Salazar: Help needed for jobless, roads, Big Three | AspenTimes.com

Salazar: Help needed for jobless, roads, Big Three

Catherine Tsai
The Associated Press
Aspen, CO Colorado

DENVER ” Sen. Ken Salazar said Tuesday that Congress should help the unemployed, improve roads and bridges and assist the ailing auto industry as the economy continues to deteriorate.

“We need to pass economic stimulus legislation to try to get the economy out of the ditch and back on track,” he said in a conference call with reporters.

Legislation to boost the economy is still being crafted, but Salazar said he supports extending unemployment insurance benefits and investing in infrastructure, which would repair roads and bridges in sore need of repair while also providing jobs.

Meanwhile, U.S. automotive manufacturers need to find a way to compete again, Salazar said.

Treasury Secretary Henry Paulson told Congress on Tuesday that the administration opposes using the government’s $700 billion financial bailout fund to help Detroit’s Big Three automakers.

Salazar said it’s unclear what any aid package for automakers might look like. His spokesman, Matt Lee-Ashley, said after the call that Salazar generally supports using part of the $700 billion rescue package for the auto industry, which may not require additional legislation.

“In Colorado, 30,000 jobs are associated with the auto retail industry. If the Big Three fail, our economy will take another huge hit,” Salazar said.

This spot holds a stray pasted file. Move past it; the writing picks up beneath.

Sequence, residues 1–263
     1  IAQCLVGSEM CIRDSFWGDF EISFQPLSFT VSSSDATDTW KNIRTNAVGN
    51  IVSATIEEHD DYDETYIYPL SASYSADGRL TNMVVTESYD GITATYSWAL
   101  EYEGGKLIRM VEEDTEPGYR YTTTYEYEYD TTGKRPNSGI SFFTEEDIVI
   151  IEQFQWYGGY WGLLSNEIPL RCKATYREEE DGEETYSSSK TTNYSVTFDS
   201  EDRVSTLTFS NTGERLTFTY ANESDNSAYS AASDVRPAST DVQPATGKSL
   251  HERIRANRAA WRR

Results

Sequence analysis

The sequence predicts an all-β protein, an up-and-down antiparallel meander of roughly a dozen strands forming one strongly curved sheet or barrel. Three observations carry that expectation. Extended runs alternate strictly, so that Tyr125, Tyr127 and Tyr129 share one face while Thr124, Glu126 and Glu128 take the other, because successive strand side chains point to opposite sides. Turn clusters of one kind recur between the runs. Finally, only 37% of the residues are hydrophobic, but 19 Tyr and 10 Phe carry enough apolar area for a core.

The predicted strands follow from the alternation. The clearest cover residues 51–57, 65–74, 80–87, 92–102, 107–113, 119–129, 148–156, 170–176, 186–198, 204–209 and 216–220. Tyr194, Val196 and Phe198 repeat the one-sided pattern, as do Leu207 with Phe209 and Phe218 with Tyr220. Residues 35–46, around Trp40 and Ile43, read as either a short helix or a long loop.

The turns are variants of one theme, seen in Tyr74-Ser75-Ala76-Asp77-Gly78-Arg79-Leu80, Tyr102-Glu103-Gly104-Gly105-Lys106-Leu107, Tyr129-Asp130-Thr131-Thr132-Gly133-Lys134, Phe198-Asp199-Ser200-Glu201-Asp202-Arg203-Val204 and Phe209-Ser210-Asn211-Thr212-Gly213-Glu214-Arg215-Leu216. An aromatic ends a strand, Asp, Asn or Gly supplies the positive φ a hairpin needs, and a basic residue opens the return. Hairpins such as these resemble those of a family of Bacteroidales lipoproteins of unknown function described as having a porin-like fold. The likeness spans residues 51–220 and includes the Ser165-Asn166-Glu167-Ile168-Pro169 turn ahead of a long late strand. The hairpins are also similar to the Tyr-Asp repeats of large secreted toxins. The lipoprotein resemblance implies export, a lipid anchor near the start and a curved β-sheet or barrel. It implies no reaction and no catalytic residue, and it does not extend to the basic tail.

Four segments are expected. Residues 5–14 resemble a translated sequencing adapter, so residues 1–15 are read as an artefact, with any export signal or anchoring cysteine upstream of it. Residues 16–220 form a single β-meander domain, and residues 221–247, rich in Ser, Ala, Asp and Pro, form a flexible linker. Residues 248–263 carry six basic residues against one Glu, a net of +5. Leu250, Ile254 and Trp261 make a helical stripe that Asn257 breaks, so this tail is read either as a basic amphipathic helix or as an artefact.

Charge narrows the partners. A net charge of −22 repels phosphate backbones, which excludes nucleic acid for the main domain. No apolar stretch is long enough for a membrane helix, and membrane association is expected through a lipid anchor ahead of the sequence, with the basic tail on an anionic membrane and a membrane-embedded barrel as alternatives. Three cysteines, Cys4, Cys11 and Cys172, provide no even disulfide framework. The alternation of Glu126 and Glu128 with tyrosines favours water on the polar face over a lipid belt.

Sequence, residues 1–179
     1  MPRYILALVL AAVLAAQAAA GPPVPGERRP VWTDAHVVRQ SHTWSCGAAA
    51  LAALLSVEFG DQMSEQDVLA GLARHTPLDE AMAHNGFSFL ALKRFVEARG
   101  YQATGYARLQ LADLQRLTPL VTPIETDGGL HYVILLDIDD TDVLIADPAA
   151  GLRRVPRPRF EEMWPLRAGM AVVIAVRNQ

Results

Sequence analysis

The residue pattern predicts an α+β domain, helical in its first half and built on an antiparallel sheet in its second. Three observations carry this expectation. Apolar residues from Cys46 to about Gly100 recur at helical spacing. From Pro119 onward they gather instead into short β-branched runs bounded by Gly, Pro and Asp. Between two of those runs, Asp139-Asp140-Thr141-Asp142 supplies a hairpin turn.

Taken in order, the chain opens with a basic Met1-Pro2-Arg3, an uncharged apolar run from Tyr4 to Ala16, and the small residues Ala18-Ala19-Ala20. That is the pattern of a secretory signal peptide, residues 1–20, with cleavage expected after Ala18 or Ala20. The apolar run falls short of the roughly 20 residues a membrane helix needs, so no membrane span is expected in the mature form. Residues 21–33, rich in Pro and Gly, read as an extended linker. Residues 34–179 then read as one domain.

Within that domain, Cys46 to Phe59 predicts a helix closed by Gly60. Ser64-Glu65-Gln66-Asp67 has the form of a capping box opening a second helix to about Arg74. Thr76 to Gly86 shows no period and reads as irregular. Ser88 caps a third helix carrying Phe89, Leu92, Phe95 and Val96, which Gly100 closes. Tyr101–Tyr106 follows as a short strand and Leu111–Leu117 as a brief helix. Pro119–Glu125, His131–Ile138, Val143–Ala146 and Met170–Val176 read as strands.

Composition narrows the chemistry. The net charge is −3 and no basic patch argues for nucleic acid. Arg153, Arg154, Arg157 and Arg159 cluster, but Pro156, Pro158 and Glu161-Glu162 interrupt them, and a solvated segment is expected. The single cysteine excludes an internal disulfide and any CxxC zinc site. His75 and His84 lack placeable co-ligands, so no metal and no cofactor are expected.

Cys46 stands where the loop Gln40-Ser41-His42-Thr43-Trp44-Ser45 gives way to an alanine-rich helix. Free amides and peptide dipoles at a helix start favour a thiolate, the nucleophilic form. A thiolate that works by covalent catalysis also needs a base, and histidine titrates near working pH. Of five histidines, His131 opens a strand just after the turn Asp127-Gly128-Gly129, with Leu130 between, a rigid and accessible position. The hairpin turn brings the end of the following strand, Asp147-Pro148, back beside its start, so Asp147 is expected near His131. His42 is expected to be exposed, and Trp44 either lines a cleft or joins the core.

Salazar said any aid package for automakers should require the Big Three to embrace technology that will improve energy efficiency.

While the economy has been a top issue for lawmakers, Salazar also has spoken out on new rules the Interior Department released Monday on oil shale development in President George W. Bush’s last months in office.

Salazar said it was “foolhardy” to release regulations before research is complete on whether it is commercially viable, how much energy and water would be needed to get oil out of the rock, and what effect oil shale development would have on land.

He said it was too early to tell whether President-elect Barack Obama’s administration might revisit the regulations.

“I’m not opposed to oil shale development. I just want to make sure as we move forward, we’re not going to run roughshod over Colorado land and water,” Salazar said.

Several environmental groups told Interior Secretary Dirk Kempthorne in a letter Monday that the law requires him to allow the public to file protests before the rules become final.

They said they’re considering suing unless he allows such protests.

The groups say an oil shale environmental impact statement includes changes to 12 BLM management plans, and the public hasn’t had a chance to comment on them.


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